Thirteen people were tried in Paris on Thursday for cyberbullying or murder threats against a teenage girl who posted an online comment critical of Islam.
The proceedings are the first such proceeding under the new jurisdiction created by France this year to prosecute online crimes, including harassment and discrimination. The defense lawyer asked the judge to delay the trial for procedural reasons.
Defendants aged 18 to 35, from all over France, are sentenced to up to two years’ imprisonment and a fine of € 30,000 (about $ 37,000) if convicted of online harassment. Some of the 13 have also been charged with online murder threats, with up to three years’ imprisonment and a fine of € 45,000 ($ 55,000).
The targeted teenager, who recently turned 18 and claims to be Mira online, posted a video on Instagram and TikTok last year that devastated Islam and the Quran and was widely shared.
As a result, she was threatened with murder and other online abuses, placed under police custody and changed schools. The French government’s Minister for Equality at the time called for stricter measures against cyberbullying, and President Emmanuel Macron defended Mira’s “right to blame.”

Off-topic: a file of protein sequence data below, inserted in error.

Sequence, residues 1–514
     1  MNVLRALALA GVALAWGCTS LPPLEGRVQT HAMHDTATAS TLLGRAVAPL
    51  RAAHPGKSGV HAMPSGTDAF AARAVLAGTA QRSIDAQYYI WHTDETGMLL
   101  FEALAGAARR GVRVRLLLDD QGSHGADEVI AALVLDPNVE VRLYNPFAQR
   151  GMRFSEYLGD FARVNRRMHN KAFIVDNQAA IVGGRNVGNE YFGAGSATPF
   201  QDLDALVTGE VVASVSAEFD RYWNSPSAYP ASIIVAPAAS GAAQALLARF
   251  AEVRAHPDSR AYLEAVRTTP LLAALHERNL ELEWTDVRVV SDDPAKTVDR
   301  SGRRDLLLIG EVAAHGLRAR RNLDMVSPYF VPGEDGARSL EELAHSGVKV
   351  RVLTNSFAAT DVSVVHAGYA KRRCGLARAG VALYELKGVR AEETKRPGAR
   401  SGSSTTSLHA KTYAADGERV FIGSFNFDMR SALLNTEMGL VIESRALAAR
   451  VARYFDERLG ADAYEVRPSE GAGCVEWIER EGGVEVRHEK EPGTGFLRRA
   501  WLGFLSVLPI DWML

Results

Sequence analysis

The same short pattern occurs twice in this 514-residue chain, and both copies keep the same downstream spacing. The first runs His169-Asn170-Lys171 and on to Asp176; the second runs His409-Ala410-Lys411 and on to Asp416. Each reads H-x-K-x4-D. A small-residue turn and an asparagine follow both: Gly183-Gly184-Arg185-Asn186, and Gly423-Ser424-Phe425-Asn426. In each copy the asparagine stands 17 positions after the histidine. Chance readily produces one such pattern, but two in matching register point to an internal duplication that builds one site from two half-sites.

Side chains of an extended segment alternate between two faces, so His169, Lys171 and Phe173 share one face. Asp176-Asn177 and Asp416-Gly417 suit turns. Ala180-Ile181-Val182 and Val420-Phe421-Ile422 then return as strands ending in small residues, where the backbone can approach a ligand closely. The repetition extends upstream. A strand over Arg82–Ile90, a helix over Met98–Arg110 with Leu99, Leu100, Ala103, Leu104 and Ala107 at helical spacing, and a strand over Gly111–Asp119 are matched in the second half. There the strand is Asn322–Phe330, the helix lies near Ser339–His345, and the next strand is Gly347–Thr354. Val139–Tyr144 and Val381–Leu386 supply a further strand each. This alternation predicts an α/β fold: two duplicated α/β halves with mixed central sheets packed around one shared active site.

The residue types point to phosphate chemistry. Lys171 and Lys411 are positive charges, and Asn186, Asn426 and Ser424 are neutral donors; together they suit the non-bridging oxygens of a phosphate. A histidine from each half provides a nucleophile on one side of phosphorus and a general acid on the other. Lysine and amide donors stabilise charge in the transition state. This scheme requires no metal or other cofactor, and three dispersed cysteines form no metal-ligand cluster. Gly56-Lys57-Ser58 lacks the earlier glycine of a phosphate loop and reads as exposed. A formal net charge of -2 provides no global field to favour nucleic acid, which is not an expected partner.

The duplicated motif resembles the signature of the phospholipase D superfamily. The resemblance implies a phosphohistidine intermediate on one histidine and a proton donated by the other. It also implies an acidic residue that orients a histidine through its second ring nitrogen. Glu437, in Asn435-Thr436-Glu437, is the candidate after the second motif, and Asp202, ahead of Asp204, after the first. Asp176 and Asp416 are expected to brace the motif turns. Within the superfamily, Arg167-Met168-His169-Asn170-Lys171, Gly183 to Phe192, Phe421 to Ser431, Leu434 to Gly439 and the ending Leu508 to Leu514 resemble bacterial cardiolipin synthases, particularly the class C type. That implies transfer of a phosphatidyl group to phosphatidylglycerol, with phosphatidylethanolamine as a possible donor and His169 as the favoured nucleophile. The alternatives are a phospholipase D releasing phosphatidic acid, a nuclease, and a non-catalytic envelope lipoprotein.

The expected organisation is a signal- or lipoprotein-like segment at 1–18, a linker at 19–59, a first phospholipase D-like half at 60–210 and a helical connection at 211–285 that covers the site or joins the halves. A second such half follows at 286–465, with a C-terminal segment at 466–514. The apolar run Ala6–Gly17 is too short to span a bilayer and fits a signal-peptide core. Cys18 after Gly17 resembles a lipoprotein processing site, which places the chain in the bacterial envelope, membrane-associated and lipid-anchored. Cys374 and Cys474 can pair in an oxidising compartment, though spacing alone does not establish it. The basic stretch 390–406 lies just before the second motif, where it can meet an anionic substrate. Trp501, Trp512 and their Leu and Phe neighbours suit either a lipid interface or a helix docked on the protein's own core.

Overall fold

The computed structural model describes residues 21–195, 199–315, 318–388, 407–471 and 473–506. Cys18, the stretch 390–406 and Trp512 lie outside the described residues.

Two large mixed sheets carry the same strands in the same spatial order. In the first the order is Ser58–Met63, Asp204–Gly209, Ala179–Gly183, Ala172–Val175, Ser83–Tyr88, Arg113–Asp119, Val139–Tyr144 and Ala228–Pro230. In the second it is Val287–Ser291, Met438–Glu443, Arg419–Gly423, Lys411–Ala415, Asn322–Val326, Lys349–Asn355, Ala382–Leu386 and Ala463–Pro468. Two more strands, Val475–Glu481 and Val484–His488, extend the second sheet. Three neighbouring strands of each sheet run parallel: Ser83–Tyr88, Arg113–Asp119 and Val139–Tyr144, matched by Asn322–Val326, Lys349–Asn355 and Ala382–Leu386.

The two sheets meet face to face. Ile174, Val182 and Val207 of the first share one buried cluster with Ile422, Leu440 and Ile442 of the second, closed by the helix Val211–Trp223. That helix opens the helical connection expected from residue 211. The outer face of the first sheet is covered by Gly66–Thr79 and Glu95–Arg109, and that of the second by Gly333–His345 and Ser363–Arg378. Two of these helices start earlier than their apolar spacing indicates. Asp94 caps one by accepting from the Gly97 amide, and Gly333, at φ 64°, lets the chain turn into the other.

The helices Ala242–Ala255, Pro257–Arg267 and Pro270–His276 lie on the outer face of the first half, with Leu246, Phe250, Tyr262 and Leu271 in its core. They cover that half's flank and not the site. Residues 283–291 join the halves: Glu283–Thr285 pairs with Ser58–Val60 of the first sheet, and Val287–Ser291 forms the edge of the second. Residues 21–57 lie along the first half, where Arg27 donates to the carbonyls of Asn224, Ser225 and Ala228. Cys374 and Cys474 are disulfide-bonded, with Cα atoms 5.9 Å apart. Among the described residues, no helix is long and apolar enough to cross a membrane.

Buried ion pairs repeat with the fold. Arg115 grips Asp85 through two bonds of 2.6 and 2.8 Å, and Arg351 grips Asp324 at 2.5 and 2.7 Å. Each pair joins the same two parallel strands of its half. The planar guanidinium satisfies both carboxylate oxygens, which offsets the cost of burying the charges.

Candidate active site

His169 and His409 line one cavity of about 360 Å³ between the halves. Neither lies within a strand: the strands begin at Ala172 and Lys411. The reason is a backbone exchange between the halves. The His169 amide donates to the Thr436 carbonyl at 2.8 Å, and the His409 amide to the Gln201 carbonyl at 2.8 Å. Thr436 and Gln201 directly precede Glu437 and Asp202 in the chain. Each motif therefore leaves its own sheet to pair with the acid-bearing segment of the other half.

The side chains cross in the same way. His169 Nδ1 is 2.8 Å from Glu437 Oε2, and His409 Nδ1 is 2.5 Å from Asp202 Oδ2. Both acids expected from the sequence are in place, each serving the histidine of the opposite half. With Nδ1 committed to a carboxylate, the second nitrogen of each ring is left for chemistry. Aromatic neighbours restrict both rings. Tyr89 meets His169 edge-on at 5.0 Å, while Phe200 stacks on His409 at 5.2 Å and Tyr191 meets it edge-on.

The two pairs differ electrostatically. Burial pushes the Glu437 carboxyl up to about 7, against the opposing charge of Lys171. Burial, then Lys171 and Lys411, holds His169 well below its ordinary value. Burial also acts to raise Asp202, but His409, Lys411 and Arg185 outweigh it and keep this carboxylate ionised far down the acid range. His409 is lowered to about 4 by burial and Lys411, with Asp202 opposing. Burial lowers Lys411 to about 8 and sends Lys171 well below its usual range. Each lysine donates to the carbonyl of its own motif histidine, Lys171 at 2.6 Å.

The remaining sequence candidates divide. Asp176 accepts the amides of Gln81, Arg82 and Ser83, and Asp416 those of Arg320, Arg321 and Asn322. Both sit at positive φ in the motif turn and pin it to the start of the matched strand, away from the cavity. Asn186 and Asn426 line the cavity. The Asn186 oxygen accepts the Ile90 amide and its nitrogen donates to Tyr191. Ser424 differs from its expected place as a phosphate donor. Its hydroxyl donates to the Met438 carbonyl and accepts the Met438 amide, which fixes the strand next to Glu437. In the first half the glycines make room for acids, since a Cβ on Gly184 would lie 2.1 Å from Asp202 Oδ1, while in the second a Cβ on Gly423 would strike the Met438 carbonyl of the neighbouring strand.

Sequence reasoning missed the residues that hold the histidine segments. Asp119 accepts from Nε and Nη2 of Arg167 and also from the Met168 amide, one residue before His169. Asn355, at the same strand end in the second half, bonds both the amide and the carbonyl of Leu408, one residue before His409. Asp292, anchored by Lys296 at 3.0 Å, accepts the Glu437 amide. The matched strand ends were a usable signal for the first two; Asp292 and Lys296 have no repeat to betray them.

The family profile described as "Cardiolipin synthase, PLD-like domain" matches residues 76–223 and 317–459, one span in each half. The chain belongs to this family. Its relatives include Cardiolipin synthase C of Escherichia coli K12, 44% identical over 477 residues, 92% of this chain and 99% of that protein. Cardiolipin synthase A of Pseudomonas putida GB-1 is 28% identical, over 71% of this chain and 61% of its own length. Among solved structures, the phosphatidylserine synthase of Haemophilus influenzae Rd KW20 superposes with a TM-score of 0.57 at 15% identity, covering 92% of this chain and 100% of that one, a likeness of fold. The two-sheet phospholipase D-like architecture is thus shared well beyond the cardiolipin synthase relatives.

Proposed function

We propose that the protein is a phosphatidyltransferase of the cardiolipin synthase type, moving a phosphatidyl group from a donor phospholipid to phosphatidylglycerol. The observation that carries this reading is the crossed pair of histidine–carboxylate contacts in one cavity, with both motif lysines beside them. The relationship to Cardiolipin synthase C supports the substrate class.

Freedom of expression is considered a fundamental right in secular France, and blasphemy is not a crime. Some French Muslims feel that their country is unfairly stigmatizing religious practices.
After Mira’s first video in January 2020, a legal allegation was filed against her for inciting racial hatred. The investigation was terminated due to insufficient evidence.
Thursday’s trial focuses on the reaction to a video posted by a teenager on TikTok in November. One of the defendants threatened to turn her into another teacher, Samuel Patty. The teacher was beheaded after showing the class a portrait of the Prophet Muhammad in October.